When discussing the quotes we should firstly state that they can be of different derivation (i.e. literary, political, etc.). Wolfgang Iser(6) explains what happens when quotes are inserted in a discourse. "The text provokes certain expectations which in turn we project onto the text in such a way that we reduce the polysemantic possibilities to a single interpretation in keeping with the expectations aroused, thus extracting an individual, configurative meaning".
It is obvious that quotes like the ones presented below have a strong impact on the receiver due to their redundancies.
These are just a few samples of famous sayings that are endowed with a strong authority which therefore cannot easily be contradicted.
We have already mentioned that quotations are a very effective way of inducing certain reactions and attitudes. Most of the time, the speaker does not need the complete text, especially when dealing with famous literature or lyrics. This is the case with "To be or not to be", where no contextual specification is needed. The same happens when trying to embellish a message with lyrics, such as: Love of my life..., I've just called...,I've got you babe... The speaker is able to decode the meaning of such text even if he/she is not provided with a complete text.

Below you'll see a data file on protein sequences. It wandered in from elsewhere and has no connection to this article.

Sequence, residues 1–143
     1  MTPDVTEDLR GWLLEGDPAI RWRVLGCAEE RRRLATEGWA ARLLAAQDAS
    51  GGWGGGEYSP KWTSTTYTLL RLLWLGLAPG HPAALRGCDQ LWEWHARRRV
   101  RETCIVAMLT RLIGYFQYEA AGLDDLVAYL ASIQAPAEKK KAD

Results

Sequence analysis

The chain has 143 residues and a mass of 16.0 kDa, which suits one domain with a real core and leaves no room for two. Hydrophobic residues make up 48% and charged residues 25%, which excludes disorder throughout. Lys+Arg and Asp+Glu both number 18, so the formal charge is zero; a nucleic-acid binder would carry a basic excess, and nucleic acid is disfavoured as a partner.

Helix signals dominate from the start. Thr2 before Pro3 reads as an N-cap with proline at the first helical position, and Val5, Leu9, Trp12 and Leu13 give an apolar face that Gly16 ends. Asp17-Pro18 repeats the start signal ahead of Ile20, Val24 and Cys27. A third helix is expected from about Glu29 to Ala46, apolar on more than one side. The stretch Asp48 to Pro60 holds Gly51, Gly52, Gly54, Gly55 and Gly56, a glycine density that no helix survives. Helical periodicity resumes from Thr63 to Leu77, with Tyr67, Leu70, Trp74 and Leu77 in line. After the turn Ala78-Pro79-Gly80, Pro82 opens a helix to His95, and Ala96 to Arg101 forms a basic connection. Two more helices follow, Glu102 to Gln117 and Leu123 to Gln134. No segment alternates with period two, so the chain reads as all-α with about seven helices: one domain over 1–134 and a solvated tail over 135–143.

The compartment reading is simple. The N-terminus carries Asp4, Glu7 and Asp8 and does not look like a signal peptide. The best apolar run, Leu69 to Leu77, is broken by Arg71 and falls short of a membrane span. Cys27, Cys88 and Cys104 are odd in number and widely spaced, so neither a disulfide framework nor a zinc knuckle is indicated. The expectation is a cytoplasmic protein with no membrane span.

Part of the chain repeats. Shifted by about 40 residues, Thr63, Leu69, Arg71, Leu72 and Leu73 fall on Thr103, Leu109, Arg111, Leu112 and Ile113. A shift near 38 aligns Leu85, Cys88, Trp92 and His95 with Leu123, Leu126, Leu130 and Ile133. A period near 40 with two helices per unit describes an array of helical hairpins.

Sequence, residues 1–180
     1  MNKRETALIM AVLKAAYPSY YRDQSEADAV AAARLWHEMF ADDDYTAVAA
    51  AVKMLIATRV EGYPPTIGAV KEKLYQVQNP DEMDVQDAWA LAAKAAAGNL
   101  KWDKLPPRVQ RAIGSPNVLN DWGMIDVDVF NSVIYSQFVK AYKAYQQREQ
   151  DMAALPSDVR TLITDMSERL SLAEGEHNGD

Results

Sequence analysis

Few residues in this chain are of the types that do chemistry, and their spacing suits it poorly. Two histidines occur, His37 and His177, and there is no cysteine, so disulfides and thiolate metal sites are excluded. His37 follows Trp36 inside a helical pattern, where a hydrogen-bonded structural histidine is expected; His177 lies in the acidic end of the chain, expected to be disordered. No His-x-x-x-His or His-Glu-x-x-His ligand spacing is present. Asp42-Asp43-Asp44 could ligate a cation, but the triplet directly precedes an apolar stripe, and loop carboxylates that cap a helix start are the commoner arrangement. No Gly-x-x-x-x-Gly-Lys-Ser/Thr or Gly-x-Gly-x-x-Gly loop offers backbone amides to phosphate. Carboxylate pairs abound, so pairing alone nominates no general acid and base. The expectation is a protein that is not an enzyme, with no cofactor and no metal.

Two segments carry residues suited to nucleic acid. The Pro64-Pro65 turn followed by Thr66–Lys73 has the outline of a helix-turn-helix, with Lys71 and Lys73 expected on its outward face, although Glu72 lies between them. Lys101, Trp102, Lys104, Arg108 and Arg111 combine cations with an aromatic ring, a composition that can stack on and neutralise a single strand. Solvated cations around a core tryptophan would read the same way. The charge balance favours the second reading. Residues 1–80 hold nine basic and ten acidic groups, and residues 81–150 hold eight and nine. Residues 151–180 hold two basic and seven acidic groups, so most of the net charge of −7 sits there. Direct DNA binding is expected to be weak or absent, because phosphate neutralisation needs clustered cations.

To conclude we can say that with these prefabs the receiver of a message is assigned the same linguistic competence as the one composing it in order to either persuade or manipulate. Linguistic clichés are used to create or emphasize power so that the communicator can enhance his or her superiority. The present study has provided some initial evidence of the interaction between discoursive sequence and affective strategies. It seems that different cultures may utilize different dimensions of linguistic and discourse strategies. Communication between human beings, therefore, involves an active receptivity on the part of the hearer and not a mere passivity. The pattern actualizes some potential in the mind of the receiver. It prompts him or her to look at things in a certain way so as to be able to form an opinion and grow in understanding. Their value lies precisely in the attitude that they induce into speakers.